Rebecca Bellmore ( Co-Presenter/Co-Author), Southeast Alaska Watershed Coalition, rebecca@sawcak.org;


Mark Scheuerell ( Co-Presenter/Co-Author), NOAA Northwest Fisheries Science Center, mark.scheuerell@noaa.gov;


Tamara Harms ( Co-Presenter/Co-Author), University of Alaska Fairbanks, tamara.harms@alaska.edu;


Jeremy Jones ( Co-Presenter/Co-Author), University of Alaska Fairbanks, jbjonesjr@alaska.edu;


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09:45 - 10:00: / 302B A BIG-DATA APPROACH TO UNDERSTANDING THE EFFECTS OF DROUGHT ON TOTAL DISSOLVED SOLIDS IN STREAMS AND RIVERS

6/08/2017  |   09:45 - 10:00   |  302B

A BIG-DATA APPROACH TO UNDERSTANDING THE EFFECTS OF DROUGHT ON TOTAL DISSOLVED SOLIDS IN STREAMS AND RIVERS Total dissolved solids (measured as specific conductivity, SC) influences the distributions of aquatic organisms, but we can only estimate variation in space and time over limited extents. Reduced precipitation and increased temperatures increase SC, so landscape scales estimates of SC during droughts are needed at to identify location and amounts of SC increase. We related 11,961 SC observations made at 1,756 minimally impaired sites across the conterminous USA between 2001 and 2015 to watershed summaries of static (e.g., geology and soils) and dynamic (e.g., climate, vegetation, and evapotranspiration) environmental predictors using Random Forests. The resulting model explained 92% of the variation in the validation data, with a root mean squared error of 122 µS/cm. We then applied this model to predict monthly SC for every stream segment in the study area over the 15 years, allowing comparisons of SC between drought and non-drought conditions. These comparisons show that SC increases >125 µS/cm occur in some minimally affected streams during summer droughts, potentially leading to local extirpations of aquatic life. These are the authors views and do not necessarily represent views or policies of U.S. EPA.

John Olson (Primary Presenter/Author), California State University Monterey Bay, CA, USA, joolson@csumb.edu;


Lei Zheng ( Co-Presenter/Co-Author), Tetra Tech, Inc., lei.zheng@tetratech.com;


Susan Cormier ( Co-Presenter/Co-Author), USEPA, Cormier, Susan ;


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10:00 - 10:15: / 302B LOSS OF MACROINVERTEBRATE TAXA AS A RESULT OF INCREASED SPECIFIC CONDUCTIVITY DURING DROUGHT

6/08/2017  |   10:00 - 10:15   |  302B

LOSS OF MACROINVERTEBRATE TAXA AS A RESULT OF INCREASED SPECIFIC CONDUCTIVITY DURING DROUGHT Drought increases the risk of impairment associated with water quantity and quality. Intensive drought concentrates dissolved chemicals and reduces dilution of mineral inputs. One of the direct impacts of increased total dissolved solids (measured as specific conductivity, [SC]) is the extirpation of salt-intolerant aquatic life. We developed and used a model that estimates the proportion of extirpated genera based on background SC and a change in SC (Delta-Delta model). The loss of macroinvertebrate genera associated with increased SC as a result of drought was assessed using the 95th centile extirpation concentration (XC95) approach released by USEPA in 2011. Using either the measured or geophysical modeled change in SC during a drought as the independent variable and the Delta-Delta model, we estimated the proportion of genera extirpated at various spatial and temporal scales. We therefore identified the streams that are most vulnerable to drought and the proportion of extirpation at a national scale. These are the authors views and do not necessarily represent the views or policies of USEPA.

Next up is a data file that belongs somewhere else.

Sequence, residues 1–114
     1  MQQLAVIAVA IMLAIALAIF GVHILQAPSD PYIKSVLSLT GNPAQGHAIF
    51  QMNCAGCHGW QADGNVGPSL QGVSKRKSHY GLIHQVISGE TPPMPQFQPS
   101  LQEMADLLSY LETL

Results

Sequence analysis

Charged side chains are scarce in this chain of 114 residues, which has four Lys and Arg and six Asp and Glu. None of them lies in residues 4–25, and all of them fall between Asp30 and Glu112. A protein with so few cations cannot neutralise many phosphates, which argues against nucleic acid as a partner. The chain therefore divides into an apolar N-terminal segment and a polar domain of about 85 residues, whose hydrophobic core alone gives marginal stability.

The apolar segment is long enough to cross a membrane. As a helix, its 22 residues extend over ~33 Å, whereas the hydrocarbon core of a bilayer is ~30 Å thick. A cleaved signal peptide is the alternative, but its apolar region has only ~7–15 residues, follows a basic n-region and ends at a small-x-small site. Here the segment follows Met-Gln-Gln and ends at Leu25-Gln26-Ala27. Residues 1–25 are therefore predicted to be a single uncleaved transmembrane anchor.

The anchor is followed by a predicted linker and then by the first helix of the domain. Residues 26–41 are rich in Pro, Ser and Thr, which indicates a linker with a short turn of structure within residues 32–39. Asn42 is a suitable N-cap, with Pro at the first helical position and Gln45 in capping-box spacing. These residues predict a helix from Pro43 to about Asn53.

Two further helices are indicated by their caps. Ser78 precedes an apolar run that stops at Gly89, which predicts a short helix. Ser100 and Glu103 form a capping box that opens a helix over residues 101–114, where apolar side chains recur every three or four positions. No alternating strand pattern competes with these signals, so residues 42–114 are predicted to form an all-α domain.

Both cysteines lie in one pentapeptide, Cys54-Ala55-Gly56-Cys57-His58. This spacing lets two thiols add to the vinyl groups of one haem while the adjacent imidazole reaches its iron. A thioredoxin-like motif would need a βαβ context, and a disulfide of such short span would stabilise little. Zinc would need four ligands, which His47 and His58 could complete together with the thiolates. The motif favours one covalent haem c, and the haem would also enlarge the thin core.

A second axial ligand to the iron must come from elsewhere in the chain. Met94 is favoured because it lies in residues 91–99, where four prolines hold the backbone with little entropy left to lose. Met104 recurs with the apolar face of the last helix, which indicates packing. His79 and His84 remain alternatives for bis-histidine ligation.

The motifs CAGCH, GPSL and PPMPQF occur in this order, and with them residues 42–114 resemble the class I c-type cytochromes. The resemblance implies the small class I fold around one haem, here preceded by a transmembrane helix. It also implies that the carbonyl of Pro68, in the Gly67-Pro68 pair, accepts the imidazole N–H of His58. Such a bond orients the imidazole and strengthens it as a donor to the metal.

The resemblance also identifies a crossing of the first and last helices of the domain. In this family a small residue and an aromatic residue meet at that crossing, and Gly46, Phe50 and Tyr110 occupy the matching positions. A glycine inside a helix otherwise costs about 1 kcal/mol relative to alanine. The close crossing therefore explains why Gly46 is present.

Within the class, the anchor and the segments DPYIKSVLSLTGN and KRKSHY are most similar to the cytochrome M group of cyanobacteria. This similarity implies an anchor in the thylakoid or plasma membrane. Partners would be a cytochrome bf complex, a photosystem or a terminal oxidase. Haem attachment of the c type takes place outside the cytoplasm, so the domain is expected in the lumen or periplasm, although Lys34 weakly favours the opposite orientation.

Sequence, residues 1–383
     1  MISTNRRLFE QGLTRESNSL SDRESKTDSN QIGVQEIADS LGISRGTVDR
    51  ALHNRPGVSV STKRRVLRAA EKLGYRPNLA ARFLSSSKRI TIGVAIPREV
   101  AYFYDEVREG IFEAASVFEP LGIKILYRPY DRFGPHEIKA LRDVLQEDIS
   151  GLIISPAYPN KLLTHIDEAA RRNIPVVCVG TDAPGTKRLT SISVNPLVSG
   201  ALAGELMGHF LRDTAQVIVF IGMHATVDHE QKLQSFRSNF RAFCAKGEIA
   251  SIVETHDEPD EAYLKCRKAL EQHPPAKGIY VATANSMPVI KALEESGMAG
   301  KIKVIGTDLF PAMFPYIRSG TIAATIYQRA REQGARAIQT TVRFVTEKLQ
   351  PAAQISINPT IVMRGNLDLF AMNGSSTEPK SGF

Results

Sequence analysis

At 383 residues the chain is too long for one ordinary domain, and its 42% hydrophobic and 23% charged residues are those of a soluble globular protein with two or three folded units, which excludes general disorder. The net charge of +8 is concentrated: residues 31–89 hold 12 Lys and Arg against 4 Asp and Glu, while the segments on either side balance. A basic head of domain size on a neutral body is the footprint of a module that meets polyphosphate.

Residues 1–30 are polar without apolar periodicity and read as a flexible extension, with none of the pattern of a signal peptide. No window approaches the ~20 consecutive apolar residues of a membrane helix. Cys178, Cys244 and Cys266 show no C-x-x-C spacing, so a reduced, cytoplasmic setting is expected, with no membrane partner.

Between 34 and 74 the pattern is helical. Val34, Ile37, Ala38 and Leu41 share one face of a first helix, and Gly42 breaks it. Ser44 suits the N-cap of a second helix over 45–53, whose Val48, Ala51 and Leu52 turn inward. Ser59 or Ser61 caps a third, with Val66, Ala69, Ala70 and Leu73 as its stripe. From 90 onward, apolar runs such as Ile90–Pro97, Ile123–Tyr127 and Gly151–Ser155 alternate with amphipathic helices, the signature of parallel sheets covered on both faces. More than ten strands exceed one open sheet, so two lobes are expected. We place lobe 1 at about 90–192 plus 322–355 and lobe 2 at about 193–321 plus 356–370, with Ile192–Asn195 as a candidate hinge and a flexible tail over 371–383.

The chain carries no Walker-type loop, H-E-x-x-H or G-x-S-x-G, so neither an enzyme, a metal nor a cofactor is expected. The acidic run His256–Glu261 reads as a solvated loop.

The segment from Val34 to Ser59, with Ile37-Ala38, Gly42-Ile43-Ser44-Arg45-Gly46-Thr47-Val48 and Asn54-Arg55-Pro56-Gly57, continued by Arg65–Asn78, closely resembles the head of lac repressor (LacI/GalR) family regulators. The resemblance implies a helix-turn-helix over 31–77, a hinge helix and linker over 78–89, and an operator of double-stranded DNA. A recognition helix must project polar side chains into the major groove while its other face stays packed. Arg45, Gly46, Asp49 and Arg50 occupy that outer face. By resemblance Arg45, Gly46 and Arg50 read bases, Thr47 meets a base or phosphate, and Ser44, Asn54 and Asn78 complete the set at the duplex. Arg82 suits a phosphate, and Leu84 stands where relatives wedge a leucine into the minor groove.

Lei Zheng ( Co-Presenter/Co-Author), Tetra Tech, Inc., lei.zheng@tetratech.com;


John Olson (Primary Presenter/Author, Co-Presenter/Co-Author), California State University Monterey Bay, CA, USA, joolson@csumb.edu;


Susan Cormier ( Co-Presenter/Co-Author), USEPA, Cormier, Susan ;


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10:15 - 10:30: / 302B ASSESSING HYDROLOGICAL FLUCTUATIONS THROUGH SPACE AND TIME USING TIME-LAPSE IMAGERY

6/08/2017  |   10:15 - 10:30   |  302B

ASSESSING HYDROLOGICAL FLUCTUATIONS THROUGH SPACE AND TIME USING TIME-LAPSE IMAGERY Variability of freshwater systems over space and time increases the difficulty of monitoring and understanding hydrological and environmental changes. Time-lapse imagery offers a passive technique of high-temporal resolution to monitor aquatic systems. With over forty time-lapse cameras installed across the Great Plains, the Platte Basin Time-lapse (PBT) project is a multimedia endeavor documenting a stressed watershed to contribute to scientific research, while simultaneously supporting science communication. We are exploring methods of streamlining visual and automated image analysis to understand hydrological fluctuations in relation to environmental variables at a range of temporal and spatial scales. We use batch image classification to quantify water inundation in ground-water fed lakes and sub-irrigated wetlands and employ time-series modeling to assess changing dynamics. In this presentation we present our preliminary findings, examples of time-lapse data sequences, and share ways that other researchers may engage with PBT. We invite you to explore more at www.plattebasintimelapse.com.

Emma Brinley Buckley (Primary Presenter/Author), Nebraska Educational Telecommunications, ebuckley@netad.unl.edu;


Mary Harner ( Co-Presenter/Co-Author), University of Nebraska at Kearney, harnermj@unk.edu;


Michael Farrell ( Co-Presenter/Co-Author), University of Nebraska - Lincoln, mfarrell@netad.unl.edu;


Michael Forsberg ( Co-Presenter/Co-Author), University of Nebraska - Lincoln, forsberg.mike@gmail.com;